Some Additional FAQ's About Child Custody In San Diego For 2012

While child custody arrangements are case-specific, it is still a gray area to a couple contemplating separation or divorce. Here are some frequently asked questions by parents in San Diego and their replies:

How are child support obligations influenced by custody arrangements?

When sole physical or legal custody is awarded to one parent in a divorce, the other parent normally is ordered to make child support payments to the parent who has custody in the San Diego Superior Court under the child support guidelines. When joint physical custody is awarded to both parents in a divorce, how much money each of them earns, and the amount of time each parent spends with the child is what determines their support obligations. Under the current San Diego guidelines, there is an inverse relationship between the amount of child support and the percentage of the time share of each parent.

How is child support calculated by a San Diego Superior Court Judge?

Under the Child Support Enforcement Act, every state has established its own guiding principles in calculating the amount of child support to be paid by each parent depending on their earnings and expenses. These guidelines could vary considerably from state to state. In some states, Judges have significant discretion in determining the amount, as long as the decision falls within the framework established by the state. Some states are extremely stringent, leaving little discretion to Judges. If family law court in San Diego, the child support guidelines are calculated by a computer program called the Disso Master.

Irrespective of the autonomy provided to the Judges, the guidelines in most states stipulate certain factors to determine what amount is paid by each parent toward child support. Such factors will include:

  • number of children of the parties
  • percentage of time with the non custodial parent
  • tax filing status
  • number of federal exemptions
  • income from all sources
  • child and/or spousal support received or paid from another relationship
  • new spouse income
  • health insurance
  • interest and property tax and other itemized deductions
  • required union dues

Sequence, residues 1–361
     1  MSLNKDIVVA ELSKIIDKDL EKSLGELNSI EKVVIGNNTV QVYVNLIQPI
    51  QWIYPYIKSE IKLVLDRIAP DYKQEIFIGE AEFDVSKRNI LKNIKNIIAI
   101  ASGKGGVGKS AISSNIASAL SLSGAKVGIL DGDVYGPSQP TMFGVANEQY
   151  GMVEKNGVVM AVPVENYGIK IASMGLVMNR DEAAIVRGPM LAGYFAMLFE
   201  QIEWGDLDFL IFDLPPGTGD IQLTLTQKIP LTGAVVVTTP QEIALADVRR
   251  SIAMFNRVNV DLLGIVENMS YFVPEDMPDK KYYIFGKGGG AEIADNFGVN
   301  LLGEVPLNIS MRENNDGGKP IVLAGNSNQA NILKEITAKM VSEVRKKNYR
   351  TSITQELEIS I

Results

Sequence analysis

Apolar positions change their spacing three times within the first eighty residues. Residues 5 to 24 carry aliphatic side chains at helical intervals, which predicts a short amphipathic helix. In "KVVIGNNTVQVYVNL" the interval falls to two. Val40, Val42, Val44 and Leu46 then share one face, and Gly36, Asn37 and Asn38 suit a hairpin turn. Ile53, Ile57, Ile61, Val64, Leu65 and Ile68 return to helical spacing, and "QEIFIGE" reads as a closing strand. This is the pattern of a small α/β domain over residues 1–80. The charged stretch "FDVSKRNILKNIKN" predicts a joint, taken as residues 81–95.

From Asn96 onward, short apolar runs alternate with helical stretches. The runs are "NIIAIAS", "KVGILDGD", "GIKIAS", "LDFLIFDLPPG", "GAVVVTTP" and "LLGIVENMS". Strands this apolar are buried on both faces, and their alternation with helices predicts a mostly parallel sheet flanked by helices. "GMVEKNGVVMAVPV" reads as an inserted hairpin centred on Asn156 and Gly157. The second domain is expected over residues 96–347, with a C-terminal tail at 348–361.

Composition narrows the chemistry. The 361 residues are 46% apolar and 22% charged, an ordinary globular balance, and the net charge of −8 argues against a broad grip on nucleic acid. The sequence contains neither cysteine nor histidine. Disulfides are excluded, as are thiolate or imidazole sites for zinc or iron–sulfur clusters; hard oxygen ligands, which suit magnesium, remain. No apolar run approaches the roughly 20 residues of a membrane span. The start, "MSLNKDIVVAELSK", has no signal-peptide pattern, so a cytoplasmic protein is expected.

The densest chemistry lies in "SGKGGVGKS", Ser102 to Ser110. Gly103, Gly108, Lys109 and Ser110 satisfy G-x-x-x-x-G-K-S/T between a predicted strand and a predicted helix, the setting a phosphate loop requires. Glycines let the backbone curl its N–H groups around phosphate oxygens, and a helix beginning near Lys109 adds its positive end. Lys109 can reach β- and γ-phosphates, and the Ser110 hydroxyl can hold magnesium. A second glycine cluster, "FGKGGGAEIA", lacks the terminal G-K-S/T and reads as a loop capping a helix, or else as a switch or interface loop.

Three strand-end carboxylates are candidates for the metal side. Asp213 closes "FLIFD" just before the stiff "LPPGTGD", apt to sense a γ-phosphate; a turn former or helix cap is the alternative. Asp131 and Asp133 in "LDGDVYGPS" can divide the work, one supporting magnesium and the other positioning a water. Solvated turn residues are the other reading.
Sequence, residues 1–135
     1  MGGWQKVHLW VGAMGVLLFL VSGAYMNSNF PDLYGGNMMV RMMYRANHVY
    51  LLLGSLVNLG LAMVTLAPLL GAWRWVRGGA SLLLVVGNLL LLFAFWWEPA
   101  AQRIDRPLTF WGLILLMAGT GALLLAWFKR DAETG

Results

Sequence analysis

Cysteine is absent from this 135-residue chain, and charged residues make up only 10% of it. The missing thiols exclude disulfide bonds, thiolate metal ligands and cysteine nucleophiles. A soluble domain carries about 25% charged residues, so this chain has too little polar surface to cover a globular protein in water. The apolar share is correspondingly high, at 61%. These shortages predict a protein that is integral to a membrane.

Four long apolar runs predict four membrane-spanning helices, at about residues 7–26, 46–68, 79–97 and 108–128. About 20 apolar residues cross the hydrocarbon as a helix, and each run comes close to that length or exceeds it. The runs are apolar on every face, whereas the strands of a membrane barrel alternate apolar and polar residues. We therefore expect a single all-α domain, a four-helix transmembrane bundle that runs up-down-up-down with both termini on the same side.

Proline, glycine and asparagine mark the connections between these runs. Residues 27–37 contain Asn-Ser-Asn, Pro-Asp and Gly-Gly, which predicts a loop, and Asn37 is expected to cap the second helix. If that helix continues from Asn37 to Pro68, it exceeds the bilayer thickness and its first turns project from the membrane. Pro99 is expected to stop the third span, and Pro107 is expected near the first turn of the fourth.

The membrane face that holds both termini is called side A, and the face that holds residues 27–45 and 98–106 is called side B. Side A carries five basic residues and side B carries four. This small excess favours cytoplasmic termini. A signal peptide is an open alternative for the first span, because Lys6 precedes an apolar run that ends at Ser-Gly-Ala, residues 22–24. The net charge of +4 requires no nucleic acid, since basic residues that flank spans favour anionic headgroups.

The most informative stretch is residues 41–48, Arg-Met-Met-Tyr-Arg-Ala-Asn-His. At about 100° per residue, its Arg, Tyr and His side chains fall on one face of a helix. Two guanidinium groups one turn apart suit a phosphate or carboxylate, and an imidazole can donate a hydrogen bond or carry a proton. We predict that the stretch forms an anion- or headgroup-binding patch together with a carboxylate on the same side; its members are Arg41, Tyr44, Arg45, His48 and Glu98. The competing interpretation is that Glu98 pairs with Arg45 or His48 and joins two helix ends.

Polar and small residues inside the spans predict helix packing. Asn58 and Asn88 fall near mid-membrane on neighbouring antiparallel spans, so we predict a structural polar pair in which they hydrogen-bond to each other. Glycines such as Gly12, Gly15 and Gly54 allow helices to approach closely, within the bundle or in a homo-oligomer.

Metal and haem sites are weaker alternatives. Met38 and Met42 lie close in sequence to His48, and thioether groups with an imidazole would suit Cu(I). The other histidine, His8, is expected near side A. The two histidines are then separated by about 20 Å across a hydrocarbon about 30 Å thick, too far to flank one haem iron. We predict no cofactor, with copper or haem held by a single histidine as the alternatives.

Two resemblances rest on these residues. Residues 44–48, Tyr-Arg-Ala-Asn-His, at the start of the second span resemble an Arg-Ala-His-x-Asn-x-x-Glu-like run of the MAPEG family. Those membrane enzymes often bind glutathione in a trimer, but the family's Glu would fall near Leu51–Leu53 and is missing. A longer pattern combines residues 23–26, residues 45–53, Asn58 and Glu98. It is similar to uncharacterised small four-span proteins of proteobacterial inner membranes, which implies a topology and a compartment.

• mandatory retirement
  • legal obligation to support a child or children from another relationship

Both the divorcing spouses or parents if not married are required by the court to prepare financial statements which give a clear picture of his/her financial status before a child support decision is made. This statement must include the parent’s typical income and expenditures for the month and is called an Income and Expense Declaration.

Will the court decide child support on a hypothetical income I am able to earn rather than what I actually earn?

In San Diego, the Judge will examine the difference in earnings, if any. Generally, child support is set on what the parent is actually earning, but if there is a huge discrepancy then the Judge could order an increase in the amount of child support if the Judge uses an earning ability and imputation of income rather than actual income. This is if the Judge believes the parent is capable of earning more than he/she chooses to do. There are various situations where such contingencies arise and this can be documented by a vocational evaluation or by evidence of job opportunities.

A Firm that Knows this Field

Doppelt & Forney, a Professional Law Corporation is a San Diego family law firm with knowledge & experience in issues such as child custody, child support, visitation rights, and other family law issues. The dedicated firm offers a free initial consultation of 30 minutes which helps you obtain a broad overview of your case.

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Phone Number: 800.769.4748
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